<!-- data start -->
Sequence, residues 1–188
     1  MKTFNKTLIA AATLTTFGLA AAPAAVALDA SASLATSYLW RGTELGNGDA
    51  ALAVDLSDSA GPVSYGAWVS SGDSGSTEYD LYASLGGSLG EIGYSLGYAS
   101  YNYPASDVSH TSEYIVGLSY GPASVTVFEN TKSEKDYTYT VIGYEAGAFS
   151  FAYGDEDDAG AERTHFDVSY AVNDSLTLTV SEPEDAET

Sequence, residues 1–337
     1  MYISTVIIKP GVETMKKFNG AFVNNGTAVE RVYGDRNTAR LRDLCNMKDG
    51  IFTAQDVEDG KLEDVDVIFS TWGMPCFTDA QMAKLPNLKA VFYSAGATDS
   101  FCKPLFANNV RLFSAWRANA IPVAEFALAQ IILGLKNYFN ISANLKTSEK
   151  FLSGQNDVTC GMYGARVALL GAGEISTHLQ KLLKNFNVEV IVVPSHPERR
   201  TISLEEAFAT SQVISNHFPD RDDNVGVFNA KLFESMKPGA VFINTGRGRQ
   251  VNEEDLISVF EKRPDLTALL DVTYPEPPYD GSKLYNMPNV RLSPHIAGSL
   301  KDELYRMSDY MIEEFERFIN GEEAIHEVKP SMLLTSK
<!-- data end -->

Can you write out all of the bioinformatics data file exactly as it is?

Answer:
Sequence, residues 1–188
     1  MKTFNKTLIA AATLTTFGLA AAPAAVALDA SASLATSYLW RGTELGNGDA
    51  ALAVDLSDSA GPVSYGAWVS SGDSGSTEYD LYASLGGSLG EIGYSLGYAS
   101  YNYPASDVSH TSEYIVGLSY GPASVTVFEN TKSEKDYTYT VIGYEAGAFS
   151  FAYGDEDDAG AERTHFDVSY AVNDSLTLTV SEPEDAET

Sequence, residues 1–337
     1  MYISTVIIKP GVETMKKFNG AFVNNGTAVE RVYGDRNTAR LRDLCNMKDG
    51  IFTAQDVEDG KLEDVDVIFS TWGMPCFTDA QMAKLPNLKA VFYSAGATDS
   101  FCKPLFANNV RLFSAWRANA IPVAEFALAQ IILGLKNYFN ISANLKTSEK
   151  FLSGQNDVTC GMYGARVALL GAGEISTHLQ KLLKNFNVEV IVVPSHPERR
   201  TISLEEAFAT SQVISNHFPD RDDNVGVFNA KLFESMKPGA VFINTGRGRQ
   251  VNEEDLISVF EKRPDLTALL DVTYPEPPYD GSKLYNMPNV RLSPHIAGSL
   301  KDELYRMSDY MIEEFERFIN GEEAIHEVKP SMLLTSK